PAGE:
Last updated on August 23rd, 2023 at 11:43 am
Ripon Cathedral has such publicly ancient roots that I was surprised to learn it only got promoted to cathedral as recently as 1836. As a matter of fact, Ripon is a physical link with the earliest days of Christianity in Britain, and particularly associated with Wilfred – bishop, saint and builder of the 7th century stone church whose crypt still survives under the present cathedral.
A monastic community was first founded at Ripon as a daughter house of St Aiden’s monastery at Melrose – or Mailros as it was known – sometime in the mid-7th century. Wilfred arrived a little later, in 658, when he was appointed Abbot. Trained at Lindisfarne, Wilfred had travelled to Rome, and then Lyons. Whilst overseas, he had become immersed in the practices of the Roman church, which were at odds with the Celtic traditions that had independently evolved in the British Isles. So, Wilfred introduced the Benedictine Rule to Ripon and, according to some accounts, turfed out those that didn’t like it – including, allegedly, St Cuthbert – the North of England’s favourite saint. En passant, during Cuthbert’s time at Ripon he is said to have been visited by an angel…yes, well. Anyway – Wilfred also set about replacing the timber church at Ripon with a brand-new stone one, engaging skilled craftsmen from mainland Europe to create a Roman-styled building using dressed stone, with columns, side-aisles, a great many windows and arched vaults. It was dedicated to St Peter in 872 and probably seemed quite alien to the Anglo-Saxons of Northumbria.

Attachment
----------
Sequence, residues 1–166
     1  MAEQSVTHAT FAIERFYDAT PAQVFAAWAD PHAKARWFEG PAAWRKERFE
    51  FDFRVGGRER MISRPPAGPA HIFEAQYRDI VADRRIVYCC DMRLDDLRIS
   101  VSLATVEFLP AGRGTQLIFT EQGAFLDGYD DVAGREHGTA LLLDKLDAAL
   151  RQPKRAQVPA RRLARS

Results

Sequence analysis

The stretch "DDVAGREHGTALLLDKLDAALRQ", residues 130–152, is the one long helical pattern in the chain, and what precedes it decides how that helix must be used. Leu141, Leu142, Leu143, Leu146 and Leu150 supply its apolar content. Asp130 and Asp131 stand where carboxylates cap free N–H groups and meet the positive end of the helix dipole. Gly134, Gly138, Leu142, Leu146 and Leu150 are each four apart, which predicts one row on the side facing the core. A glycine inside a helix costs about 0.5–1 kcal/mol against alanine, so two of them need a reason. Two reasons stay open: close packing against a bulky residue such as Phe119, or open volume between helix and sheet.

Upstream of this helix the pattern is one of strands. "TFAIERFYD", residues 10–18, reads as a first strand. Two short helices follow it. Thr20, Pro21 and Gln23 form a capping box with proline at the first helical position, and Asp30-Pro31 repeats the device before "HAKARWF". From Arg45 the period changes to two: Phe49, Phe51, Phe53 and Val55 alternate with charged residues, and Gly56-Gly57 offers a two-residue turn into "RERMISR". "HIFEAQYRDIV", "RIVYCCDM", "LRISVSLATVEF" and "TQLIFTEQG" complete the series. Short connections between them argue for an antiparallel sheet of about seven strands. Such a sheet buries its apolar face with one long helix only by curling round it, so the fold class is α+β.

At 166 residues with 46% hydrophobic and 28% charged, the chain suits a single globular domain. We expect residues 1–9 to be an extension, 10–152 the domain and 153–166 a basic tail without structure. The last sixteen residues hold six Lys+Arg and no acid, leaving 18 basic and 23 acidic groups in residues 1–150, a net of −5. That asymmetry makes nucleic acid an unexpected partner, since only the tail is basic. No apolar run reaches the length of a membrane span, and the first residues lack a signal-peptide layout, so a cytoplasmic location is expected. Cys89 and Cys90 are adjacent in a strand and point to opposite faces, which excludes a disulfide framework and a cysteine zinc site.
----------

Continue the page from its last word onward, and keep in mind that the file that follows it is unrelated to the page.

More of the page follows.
Wilfred went on to represent the Roman party at the Synod of Whitby and subsequently seemed to divide his time between holding a variety of high church offices, overseas travel, converting the South Saxons and falling out with people. He died at Oundle in c709 and was buried at Ripon, where his shrine became an important destination for pilgrims. I’m struggling to appreciate exactly what the old chap did to warrant being canonised and can only conclude that the process had similarities with the current honours system in the UK.
Inevitably, the vicissitudes of English history have impacted on Ripon Cathedral. In 875, Ripon was sacked by the Danes. In 948, King Eadred of England burned the monastery and destroyed the church as part of his campaign against the supporters of the Norwegian Erik Bloodaxe, and to bring Northumbria back under English control. The church was rebuilt, only to be wrecked again in 1069-70 during William the Conqueror’s ‘Harrying of the North’. The Norman Archbishop of York, Thomas of Bayeux, reconstructed the church in 1080, but the present building really began to emerge under the guidance of yet another Archbishop of York (and, obviously, a big cheese) – Roger de Ponte l’Eveque in the late 12th century. The medieval archbishops of York actually constructed a palace for themselves in Ripon. In the late 15th century, the cathedral’s central tower collapsed and necessary rebuilding was delayed by the Wars of the Roses. Somehow, the church survived the Reformation. It was vandalised by Parliamentary troops during the Civil War and, in 1660, the central spire fell through the roof of the choir. Shortly afterwards, the wooden medieval spires that had once adorned the west towers were removed. And there was extensive restoration work undertaken in the 19th century.
I was interested to learn that a right of sanctuary was granted to Ripon in the 10th century. This covered an area of one mile in circumference from the church and allowed fugitives 30 days’ security under the protection of the Church (terms and conditions applied). The boundary was marked by sanctuary crosses, one of which remains – though I haven’t seen it – at Sharow village and is under the care of the National Trust.